The next step in our data science journey deals with elevating data sets from arrays to other formats typically encountered in many practical applications. For example, it is very common for data to be housed in the form of a spreadsheet (such as in Excel). In such applications, a given column of data need not be numerical (e.g. text, currency, boolean, etc). Additionally, columns are given names for the sake of identification. You will also typically encounter files with the ".csv" extension, which indicates comma-separated data. CSV files are simply text files whose row elements are separated by commas and can usually be read by spreadsheet software. The pandas module is designed to handle these forms of data with indexing and slicing syntax similar to that of Python dictionaries and numpy arrays. The analogous data structures in pandas are series and dataframes. This course will emphasize the use of dataframes since, in practical applications, data will be comprised of several columns having different data types. Work through sections 4.1-4.5 of Chapter 4 and familiarize yourself with the basics of the pandas module.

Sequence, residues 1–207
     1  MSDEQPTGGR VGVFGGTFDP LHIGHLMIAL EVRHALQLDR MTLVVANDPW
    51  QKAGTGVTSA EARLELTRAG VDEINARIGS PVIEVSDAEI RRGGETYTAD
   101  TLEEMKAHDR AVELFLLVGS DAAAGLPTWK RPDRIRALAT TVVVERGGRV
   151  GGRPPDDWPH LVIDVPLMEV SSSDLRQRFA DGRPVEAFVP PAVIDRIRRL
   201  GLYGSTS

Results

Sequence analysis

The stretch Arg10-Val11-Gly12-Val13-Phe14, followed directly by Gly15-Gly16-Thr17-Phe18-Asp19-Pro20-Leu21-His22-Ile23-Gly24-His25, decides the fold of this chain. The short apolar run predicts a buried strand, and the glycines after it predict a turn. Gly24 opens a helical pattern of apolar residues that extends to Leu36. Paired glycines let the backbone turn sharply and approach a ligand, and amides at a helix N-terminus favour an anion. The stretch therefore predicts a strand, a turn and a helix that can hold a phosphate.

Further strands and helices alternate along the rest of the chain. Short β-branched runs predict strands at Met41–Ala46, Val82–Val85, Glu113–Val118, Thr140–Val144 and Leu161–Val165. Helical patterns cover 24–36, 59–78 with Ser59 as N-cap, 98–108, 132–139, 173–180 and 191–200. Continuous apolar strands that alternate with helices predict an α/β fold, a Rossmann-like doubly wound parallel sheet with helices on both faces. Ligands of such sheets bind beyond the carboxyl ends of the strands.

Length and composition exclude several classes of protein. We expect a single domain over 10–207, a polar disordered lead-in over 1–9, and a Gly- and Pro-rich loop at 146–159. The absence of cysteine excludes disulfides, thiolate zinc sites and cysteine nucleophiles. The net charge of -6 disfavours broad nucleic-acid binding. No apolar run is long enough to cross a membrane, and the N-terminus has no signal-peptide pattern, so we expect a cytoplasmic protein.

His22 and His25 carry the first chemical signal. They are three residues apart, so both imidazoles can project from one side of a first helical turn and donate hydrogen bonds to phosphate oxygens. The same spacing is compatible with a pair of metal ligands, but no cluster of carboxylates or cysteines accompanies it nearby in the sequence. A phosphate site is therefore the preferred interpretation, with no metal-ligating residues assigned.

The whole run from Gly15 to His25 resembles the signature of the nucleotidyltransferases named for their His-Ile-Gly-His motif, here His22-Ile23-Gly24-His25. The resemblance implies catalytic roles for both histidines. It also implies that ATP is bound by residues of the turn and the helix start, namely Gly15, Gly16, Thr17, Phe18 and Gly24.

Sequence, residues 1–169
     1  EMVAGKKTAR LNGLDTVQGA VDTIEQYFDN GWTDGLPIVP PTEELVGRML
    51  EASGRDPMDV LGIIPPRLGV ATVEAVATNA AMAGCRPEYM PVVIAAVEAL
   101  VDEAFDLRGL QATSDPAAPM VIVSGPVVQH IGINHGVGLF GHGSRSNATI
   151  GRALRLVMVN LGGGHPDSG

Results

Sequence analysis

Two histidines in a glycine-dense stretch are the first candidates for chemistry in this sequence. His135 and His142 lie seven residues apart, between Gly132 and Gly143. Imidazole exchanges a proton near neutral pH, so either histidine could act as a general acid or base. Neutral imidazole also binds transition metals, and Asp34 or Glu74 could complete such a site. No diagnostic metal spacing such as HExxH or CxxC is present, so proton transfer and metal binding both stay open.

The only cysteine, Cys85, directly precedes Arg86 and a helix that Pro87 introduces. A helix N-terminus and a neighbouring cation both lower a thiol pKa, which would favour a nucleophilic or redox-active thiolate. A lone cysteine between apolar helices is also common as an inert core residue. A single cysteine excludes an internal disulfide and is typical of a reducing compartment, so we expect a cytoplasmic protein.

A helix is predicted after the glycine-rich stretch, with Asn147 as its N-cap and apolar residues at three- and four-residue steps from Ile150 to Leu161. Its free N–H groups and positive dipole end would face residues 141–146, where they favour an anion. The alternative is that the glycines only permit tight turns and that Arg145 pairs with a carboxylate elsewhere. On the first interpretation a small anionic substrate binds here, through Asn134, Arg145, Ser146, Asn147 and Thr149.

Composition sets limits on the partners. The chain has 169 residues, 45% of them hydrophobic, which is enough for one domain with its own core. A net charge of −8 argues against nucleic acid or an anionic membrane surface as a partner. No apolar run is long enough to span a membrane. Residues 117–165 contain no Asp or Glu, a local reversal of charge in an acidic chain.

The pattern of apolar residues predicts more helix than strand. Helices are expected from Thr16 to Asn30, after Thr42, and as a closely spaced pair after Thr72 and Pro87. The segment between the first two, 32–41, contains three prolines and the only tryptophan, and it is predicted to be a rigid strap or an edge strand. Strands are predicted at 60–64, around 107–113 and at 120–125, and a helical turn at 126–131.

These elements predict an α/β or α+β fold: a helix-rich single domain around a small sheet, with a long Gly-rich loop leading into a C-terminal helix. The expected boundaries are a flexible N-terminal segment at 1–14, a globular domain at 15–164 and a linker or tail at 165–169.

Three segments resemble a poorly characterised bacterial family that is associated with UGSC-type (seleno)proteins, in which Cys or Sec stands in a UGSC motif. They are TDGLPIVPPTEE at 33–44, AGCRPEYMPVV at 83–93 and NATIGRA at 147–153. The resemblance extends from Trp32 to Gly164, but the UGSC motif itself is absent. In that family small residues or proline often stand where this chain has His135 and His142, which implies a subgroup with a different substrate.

As you work through the Python code in this resource, you will find that the instruction
pd.read_csv('data/mtcars.csv') will generate an exception because the syntax assumes the data file mtcars.csv is stored on a local drive. Assuming
import pandas as pd
has been invoked, you can download the data from the textbook URL as follows
url = 'https://raw.githubusercontent.com/araastat/BIOF085/master/data/mtcars.csv'
df = pd.read_csv(url)
which will create a dataframe named df. You can double-check that the correct data has been loaded by executing
which will print out the first 10 rows of the dataframe.
However, if you have downloaded a .csv file to your local drive and wish to load the data into a dataframe, the following instructions can be used:
#read the data from local drive
from google.colab import files
uploaded = files.upload()
df = pd.read_csv(io.BytesIO(uploaded['filename.csv']))
This extra care must be taken for local files because Google Colab is a web-based engine and does not know where your local drive is located. This set of commands will generate a basic file interface from which you can select your file named "filename.csv". Obviously, you will need to edit the filename to match the name of the file you wish to upload.